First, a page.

FIG. 9 shows a cross-sectional structure of the disk when there is a reflective film in the space portion. By controlling the reflectance and optical phase of the reflective film and recording marks (pits) in the space portion, a normal resolution cancellation structure becomes possible. At this time, since the quality of the push-pull signal from the guide groove deteriorates if there is light diffraction due to the data track, a type 1 normal resolution cancellation structure is desirable, but the phase difference is within the range where stable track control can be realized. It is important to select the type 2 type structure that uses, depending on the media creation process margin and the quality of the super-resolution playback signal.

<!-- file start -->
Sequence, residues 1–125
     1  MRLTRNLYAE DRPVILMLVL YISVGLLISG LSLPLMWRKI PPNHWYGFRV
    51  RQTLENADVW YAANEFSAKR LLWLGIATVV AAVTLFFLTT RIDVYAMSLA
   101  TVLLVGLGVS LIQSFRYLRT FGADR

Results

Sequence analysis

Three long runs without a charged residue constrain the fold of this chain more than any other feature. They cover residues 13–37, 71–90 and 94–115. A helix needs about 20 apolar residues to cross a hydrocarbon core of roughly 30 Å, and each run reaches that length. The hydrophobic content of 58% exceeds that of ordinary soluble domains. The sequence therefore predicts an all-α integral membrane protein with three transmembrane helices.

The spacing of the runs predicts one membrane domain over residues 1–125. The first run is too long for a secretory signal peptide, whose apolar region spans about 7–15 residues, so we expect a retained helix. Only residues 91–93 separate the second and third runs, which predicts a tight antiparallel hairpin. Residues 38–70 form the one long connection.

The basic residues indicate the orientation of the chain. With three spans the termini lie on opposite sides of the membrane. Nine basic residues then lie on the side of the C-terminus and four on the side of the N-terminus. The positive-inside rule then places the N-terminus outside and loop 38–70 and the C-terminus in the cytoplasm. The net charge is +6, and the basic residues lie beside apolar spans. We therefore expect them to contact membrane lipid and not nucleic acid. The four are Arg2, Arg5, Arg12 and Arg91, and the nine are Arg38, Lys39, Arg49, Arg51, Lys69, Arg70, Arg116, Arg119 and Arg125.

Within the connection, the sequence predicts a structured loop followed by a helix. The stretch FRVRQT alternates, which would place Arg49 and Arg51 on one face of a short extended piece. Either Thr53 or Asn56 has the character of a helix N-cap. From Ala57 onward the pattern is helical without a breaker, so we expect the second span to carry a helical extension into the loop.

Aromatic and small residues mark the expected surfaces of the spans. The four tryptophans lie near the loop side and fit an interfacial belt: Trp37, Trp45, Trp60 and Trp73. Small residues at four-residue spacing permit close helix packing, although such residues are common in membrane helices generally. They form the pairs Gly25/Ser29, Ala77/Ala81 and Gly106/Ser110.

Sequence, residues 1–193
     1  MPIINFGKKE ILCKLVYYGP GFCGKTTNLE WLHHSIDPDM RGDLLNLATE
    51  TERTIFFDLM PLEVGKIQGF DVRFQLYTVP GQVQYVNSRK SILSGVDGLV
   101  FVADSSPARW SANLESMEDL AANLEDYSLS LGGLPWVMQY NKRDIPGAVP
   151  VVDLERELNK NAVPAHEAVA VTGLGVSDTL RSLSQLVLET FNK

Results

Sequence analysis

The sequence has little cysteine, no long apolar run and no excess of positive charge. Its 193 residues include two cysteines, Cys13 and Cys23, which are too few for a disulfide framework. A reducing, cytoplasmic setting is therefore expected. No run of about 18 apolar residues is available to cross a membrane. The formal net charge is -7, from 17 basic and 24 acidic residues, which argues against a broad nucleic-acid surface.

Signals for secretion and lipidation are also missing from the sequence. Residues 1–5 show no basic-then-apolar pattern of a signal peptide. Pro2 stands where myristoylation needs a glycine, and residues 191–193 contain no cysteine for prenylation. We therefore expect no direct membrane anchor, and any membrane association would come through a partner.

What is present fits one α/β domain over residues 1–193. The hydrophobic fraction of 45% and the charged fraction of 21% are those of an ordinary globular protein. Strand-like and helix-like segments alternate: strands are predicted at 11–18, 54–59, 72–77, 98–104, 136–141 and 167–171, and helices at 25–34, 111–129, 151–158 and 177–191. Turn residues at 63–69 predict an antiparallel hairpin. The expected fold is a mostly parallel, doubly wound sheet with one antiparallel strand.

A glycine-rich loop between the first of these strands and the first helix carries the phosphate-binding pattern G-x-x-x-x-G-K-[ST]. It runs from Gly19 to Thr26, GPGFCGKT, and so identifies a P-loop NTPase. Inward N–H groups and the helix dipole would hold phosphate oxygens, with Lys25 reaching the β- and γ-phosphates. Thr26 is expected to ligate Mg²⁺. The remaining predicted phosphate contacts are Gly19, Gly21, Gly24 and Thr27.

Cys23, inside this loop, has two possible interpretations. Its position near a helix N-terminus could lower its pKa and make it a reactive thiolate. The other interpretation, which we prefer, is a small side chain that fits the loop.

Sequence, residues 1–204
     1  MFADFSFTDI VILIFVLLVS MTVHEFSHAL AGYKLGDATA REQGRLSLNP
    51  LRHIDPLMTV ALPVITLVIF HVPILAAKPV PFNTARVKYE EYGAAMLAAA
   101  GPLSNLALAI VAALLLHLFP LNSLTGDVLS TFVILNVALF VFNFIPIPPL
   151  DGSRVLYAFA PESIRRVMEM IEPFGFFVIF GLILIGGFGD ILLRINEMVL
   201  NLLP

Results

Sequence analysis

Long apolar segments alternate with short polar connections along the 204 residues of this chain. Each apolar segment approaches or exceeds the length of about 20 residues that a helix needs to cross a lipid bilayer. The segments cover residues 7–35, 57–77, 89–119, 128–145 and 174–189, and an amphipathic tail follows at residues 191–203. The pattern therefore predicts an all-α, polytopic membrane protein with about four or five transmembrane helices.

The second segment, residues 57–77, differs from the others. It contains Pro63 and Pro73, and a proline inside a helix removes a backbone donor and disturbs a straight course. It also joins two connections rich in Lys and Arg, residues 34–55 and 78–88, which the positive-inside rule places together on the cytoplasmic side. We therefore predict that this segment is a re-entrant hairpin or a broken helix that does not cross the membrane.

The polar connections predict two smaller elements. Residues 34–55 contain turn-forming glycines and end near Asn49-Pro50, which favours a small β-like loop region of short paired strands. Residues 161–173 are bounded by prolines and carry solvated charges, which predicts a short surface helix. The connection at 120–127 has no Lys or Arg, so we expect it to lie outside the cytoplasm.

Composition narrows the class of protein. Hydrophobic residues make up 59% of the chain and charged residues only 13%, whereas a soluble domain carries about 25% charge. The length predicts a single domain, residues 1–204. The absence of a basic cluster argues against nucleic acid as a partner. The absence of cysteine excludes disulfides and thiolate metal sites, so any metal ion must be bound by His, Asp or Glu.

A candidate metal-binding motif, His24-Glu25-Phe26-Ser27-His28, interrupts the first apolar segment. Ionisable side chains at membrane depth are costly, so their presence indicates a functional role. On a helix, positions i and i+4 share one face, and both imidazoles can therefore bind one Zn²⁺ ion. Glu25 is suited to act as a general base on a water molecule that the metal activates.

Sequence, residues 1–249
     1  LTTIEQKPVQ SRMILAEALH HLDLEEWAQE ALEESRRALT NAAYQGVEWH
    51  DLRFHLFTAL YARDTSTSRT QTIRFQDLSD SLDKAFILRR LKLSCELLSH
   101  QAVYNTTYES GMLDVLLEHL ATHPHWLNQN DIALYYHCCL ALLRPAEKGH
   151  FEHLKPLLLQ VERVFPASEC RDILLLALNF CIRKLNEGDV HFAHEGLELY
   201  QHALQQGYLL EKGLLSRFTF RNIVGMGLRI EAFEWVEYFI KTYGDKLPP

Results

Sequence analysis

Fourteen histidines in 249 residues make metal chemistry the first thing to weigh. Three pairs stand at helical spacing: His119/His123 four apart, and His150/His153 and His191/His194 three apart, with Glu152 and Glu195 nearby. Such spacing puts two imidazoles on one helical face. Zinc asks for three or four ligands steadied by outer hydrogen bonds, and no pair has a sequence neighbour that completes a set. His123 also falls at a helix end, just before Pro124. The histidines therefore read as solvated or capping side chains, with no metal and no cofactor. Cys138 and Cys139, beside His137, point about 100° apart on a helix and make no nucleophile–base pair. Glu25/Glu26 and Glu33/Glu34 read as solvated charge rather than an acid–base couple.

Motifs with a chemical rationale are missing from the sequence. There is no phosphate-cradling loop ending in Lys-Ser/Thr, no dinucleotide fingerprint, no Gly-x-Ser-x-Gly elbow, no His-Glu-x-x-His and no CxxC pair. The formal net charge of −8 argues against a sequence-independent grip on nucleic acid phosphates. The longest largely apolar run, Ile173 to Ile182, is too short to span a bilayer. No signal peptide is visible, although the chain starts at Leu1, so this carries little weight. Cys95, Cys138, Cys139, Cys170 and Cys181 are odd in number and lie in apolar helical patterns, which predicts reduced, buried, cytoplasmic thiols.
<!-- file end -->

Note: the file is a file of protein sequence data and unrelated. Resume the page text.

In the disk configuration of FIG. 9, the main points for realizing the type 1 and type 2 normal resolution cancellation structures are summarized. For type 1, as in the basic concept shown in FIG. 2, the reflectance of the crystal state mark and the space is made equal, and the phase difference is made zero. In the case of the configuration of FIG. 9, the reflectivity of the crystalline mark can be controlled independently of the reflectivity of the space portion mainly by the thickness of the phase change film. This can be easily understood because no phase change film is formed in the space. As the material composition of the phase change film to be used, in addition to GeSbTe alloy, AgInSbTe alloy, GeTe alloy, SbTe alloy, low melting point metals such as In and Sb can be selected. The phase change material as used in the present invention is a material in which the optical constants of the solid phase and the liquid phase are different, and the crystallization speed is sufficiently high, and the crystallization occurs instantaneously when the liquid phase returns to the solid phase. It is used to mean the generic name of the thin film material that it has. With these thin film materials, the reflectivity increases almost in proportion to the film thickness in the range of about 50 nm or less, so the reflectivity of the mark in the crystalline state can be controlled by the film thickness design. Similarly, the reflectance of the space portion can be controlled by the film thickness of the reflective film material.